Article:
(40) See Sheng Yen. 1972a, 20.

(41) See T. 1911, 46:54a5-9. This translation is from Hurvitz 1962, 271.

(42) For a discussion of Huayan thought of four types of mutual interpenetration, see Gregory 1991, 154–170.

(43) See Sheng Yen 2006, 48.

(44) This is not the place to elaborate on this point. Suffice it to say that nearly all of the hagiographies on Chan masters in premodern China show that they were educated in traditional Buddhist canonical understanding prior to their conversion to Chan and had close connections to the educated elite. A few examples should suffice. See Robert Welter 2006, 2008; Jeffrey Broughton 2009.

(45) For a discussion of the effects of sectarian in scholarship, see my “Revisiting the Notion of Zong: Contextualizing the Dharma Drum Lineage of Modern Chan Buddhism,” in Chung-Hwa Buddhist Journal 26 (2013): 116–122.

(46) See “Famous Statements by Yamamoto Genpō” at His exact words are: “学問はいくらでもせい。しかし学問を鼻にかけちゃいかんせ、坊主で何より肝腎なのは、道心じゃ。これに学問があれば鬼に金棒さ.”

(47) The edited transcript of this talk can be found in Sheng Yen 1987, 2–3.

(49) See “Liuzu tanjing li suo jian qita jingdian de sixiang《六祖壇經》裡所見其他經典的思想” (The Various Doctrines Cited in the Platform Scripture) in Sheng Yen 1991, 310–318.

(50) See Sheng Yen 2006, 13; “Shi’en nanbao 師恩難報” was originally published as an article in Zhongguo fojiao 中國佛教; it is now included in the anthology titled, Diaonian, youhua 悼念‧遊化 (Eulogies and Travel Logs) 2007, 9–36.

(51) See Shengyan 2006, 46.

(52) Shengyan 2006, 23–26.

(53) The first time Sheng Yen discoursed on these three fields of education is 1994; later the talk appeared in a small booklet, Fagu shan chuan fayin 法鼓傳法音 (The Sound of Dharma at Dharma Drum Mountain), published in 1994. The booklet is now incorporated in the Complete Collection of Dharma Drum, see Sheng Yen 1993a, 79–80; 130–136.

(54) See Sheng Yen 1986, 236.

(55) Although during this time Sheng Yen did conduct group interviews, sometimes with up to five or six retreatants in the same interview room to resolve their questions or difficulties from practice. He began this in New York. Later he also let his Taiwan disciples at Nongchan Monastery conduct interviews. For the dating of allowing his disciples interview, see Lin Qixian 2000, 683.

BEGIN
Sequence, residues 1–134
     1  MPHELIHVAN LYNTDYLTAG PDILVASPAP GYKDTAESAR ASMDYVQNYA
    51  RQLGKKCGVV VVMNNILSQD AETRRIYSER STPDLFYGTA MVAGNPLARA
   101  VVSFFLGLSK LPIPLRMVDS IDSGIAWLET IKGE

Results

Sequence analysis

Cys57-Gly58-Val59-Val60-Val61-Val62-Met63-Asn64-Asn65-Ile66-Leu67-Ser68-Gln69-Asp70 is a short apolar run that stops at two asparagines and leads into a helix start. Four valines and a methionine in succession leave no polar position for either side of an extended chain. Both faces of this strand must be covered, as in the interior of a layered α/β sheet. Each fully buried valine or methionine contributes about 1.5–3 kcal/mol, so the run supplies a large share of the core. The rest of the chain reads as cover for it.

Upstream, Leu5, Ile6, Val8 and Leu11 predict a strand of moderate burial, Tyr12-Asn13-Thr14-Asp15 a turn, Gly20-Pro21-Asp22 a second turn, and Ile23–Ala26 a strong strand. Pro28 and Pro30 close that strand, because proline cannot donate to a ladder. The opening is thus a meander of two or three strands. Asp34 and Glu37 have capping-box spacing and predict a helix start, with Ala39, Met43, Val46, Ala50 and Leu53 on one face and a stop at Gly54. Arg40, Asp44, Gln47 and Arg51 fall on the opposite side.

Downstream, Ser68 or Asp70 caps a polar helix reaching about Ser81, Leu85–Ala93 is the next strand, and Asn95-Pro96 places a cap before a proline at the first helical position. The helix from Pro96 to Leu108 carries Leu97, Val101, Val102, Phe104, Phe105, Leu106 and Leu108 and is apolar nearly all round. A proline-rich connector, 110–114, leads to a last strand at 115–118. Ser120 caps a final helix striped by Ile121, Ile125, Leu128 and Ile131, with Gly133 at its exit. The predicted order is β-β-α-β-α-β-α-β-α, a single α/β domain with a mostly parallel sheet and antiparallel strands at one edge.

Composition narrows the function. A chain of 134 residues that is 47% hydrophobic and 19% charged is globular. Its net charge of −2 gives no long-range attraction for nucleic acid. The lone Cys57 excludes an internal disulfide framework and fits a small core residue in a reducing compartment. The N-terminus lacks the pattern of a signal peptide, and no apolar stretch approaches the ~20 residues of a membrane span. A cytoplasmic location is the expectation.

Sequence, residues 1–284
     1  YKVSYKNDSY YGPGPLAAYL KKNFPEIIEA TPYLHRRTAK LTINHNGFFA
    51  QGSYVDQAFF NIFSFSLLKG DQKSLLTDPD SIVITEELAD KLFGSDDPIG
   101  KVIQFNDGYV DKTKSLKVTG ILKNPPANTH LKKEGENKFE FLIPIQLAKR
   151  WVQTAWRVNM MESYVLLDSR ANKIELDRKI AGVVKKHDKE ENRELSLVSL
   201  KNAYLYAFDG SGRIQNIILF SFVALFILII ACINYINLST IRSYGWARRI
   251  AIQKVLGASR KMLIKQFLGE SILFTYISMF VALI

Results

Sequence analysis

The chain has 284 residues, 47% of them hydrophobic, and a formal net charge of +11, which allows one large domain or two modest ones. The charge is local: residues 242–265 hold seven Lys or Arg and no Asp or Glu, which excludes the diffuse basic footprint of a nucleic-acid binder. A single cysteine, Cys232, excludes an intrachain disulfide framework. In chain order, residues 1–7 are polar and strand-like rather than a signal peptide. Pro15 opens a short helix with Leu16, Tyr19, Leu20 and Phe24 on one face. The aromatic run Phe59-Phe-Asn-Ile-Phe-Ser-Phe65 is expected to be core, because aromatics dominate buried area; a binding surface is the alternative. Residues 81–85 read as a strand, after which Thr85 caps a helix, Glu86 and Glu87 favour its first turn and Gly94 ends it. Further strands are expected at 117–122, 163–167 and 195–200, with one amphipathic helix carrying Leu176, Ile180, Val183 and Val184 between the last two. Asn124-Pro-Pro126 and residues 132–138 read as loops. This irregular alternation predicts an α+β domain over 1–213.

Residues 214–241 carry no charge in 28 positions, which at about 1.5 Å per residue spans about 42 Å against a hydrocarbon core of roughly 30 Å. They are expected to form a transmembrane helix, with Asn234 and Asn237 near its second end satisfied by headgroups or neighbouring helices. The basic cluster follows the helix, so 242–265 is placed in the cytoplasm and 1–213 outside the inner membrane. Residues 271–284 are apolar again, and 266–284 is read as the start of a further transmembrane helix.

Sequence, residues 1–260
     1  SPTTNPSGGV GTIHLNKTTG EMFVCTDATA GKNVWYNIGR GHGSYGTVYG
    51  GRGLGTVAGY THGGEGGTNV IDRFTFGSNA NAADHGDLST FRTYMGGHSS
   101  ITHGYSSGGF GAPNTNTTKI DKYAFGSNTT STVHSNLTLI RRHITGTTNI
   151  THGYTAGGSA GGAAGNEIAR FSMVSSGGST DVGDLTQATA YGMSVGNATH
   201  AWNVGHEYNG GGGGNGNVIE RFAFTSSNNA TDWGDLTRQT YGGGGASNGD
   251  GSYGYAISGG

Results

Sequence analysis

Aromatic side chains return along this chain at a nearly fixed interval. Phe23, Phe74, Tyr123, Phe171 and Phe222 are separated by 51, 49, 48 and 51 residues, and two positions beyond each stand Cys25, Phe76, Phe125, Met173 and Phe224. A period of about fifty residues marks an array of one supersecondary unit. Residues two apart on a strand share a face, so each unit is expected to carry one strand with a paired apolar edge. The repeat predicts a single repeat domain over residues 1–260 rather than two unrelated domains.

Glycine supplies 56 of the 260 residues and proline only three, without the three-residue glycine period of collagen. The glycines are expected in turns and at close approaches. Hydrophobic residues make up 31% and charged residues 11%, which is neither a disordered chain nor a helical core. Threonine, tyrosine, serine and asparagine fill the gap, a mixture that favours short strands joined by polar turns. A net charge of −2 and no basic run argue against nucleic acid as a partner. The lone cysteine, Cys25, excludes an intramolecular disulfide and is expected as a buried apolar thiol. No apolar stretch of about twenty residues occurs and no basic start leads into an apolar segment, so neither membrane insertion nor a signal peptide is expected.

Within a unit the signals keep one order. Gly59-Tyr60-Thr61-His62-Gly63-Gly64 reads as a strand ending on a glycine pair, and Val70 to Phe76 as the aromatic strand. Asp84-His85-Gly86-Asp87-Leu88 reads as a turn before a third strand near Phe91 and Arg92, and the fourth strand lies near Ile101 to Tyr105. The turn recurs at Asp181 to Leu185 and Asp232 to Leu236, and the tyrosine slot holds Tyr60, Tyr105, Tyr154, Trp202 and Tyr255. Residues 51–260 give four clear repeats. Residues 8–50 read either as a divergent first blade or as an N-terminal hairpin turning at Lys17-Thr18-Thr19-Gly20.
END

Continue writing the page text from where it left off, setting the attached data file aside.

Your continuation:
(56) In 1991, he held the first transmission of the bodhisattva precepts at Chan Meditation Center in New York. The precepts he transmitted were a modified form of traditional bodhisattva precepts. In its stead, the bodhisattva precepts he transmitted were based on the five precepts, ten virtues, and the four great vows. These are subsumed under the “three collective precepts” (sanju jing jie 三聚淨戒) of a bodhisattva: To practice all virtues; to deliver all sentient beings; and to cultivate all precepts; for his Chinese work on bodhisattva precepts, see 1995a, 4. In 1990 and 1992, he hosted two international scholarly conferences on Buddhist ethics for the modern time. These efforts were ways for him to integrate precepts into his larger reconstruction of Chinese Buddhism for the modern age.

(57) Sheng Yen gave a series of six lectures for an audience of 2000 to 3000 Taiwanese people; see Sheng Yen 1995b, 10–11.

(58) See chapter 1 in the Vimalakirtī Sūtra. For an English translation, see Watson 1997, 17–31.

(59) See Sheng Yen 1995b, 9–10.

(60) See Sheng Yen 2004, 12.

(61) See Sheng Yen 2005b, 110.

(62) See Pittman 2004, 120–121.